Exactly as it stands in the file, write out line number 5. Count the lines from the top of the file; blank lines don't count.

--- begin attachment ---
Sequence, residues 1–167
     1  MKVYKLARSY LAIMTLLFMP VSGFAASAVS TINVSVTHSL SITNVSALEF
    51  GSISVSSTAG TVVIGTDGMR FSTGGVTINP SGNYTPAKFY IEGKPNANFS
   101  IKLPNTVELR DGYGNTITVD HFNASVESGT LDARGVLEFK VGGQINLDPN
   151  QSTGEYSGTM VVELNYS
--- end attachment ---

   151  QSTGEYSGTM VVELNYS